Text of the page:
Also, I think/hope this proposal does not change the parsing of any program that currently parses, right?

I believe this is the case, although I don't have a proof. My rough argument is:

  1. This extension doesn't introduce any new conflict in the parser (shift/reduce or reduce/reduce)
  2. By chasing the new grammar you can see that do, lambda, etc. continue to parse as a lexp.

So if there is any change in the parsing of any currently-valid program, then it must be a result of somehow triggering an existing ambiguity in the grammar, but this seems unlikely.

comment:26 in reply to:  24 Changed 3 years ago by akio

Replying to Iceland_jack:

Edit: Will it let you write

Yes, your examples should be fine, and my preliminary implementation successfully parses them.

comment:27 in reply to:  22 ; Changed 3 years ago by goldfire

Replying to simonpj:

I'm one of those who thinks that the fact that f R { x = e } means f (R { x = e }) is a mistake :-).

I agree with you here, but I think the proposal in this ticket is still sensible, given that the perhaps-unexpected parsing started with a keyword. In the record update case, the perhaps-unexpected parsing isn't known until the open-brace, even though your brain has to parse the preceding space differently. To me, that's the real problem with the parsing of record-update: it's not left-to-right.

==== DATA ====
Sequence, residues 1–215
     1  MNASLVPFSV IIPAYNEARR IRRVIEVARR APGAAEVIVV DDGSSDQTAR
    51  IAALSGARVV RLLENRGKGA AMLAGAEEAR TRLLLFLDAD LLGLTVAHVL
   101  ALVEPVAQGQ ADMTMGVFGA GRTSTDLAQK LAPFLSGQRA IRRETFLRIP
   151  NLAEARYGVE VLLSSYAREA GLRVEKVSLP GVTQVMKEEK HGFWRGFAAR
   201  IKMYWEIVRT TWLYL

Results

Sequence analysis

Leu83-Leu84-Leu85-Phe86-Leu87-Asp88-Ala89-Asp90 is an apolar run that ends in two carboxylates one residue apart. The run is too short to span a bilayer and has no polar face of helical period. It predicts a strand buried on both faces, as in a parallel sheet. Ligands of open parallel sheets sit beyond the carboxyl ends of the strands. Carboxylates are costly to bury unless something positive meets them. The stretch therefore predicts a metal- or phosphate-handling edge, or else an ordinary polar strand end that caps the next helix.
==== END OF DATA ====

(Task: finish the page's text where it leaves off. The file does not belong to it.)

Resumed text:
comment:28 in reply to:  27 Changed 3 years ago by maeder

Replying to goldfire:

Replying to simonpj:

I'm one of those who thinks that the fact that f R { x = e } means f (R { x = e }) is a mistake :-).

I agree with you here, but I think the proposal in this ticket is still sensible, given that the perhaps-unexpected parsing started with a keyword. In the record update case, the perhaps-unexpected parsing isn't known until the open-brace, even though your brain has to parse the preceding space differently. To me, that's the real problem with the parsing of record-update: it's not left-to-right.

I fully agree, too! The record syntax is unrelated to this proposal. Curly record braces are sort of a strong binding postfix operator and are thus different from plain parentheses.

@aiko I would omit the point "This would make do blocks consistent with record creation ..." under Pros on https://ghc.haskell.org/trac/ghc/wiki/ArgumentDo. Record creation is only another kind of a more "non-atomic" aexp in the grammar.

comment:29 Changed 3 years ago by maeder

@aiko I also agree fully with Richard Eisenberg and do not understand your objection.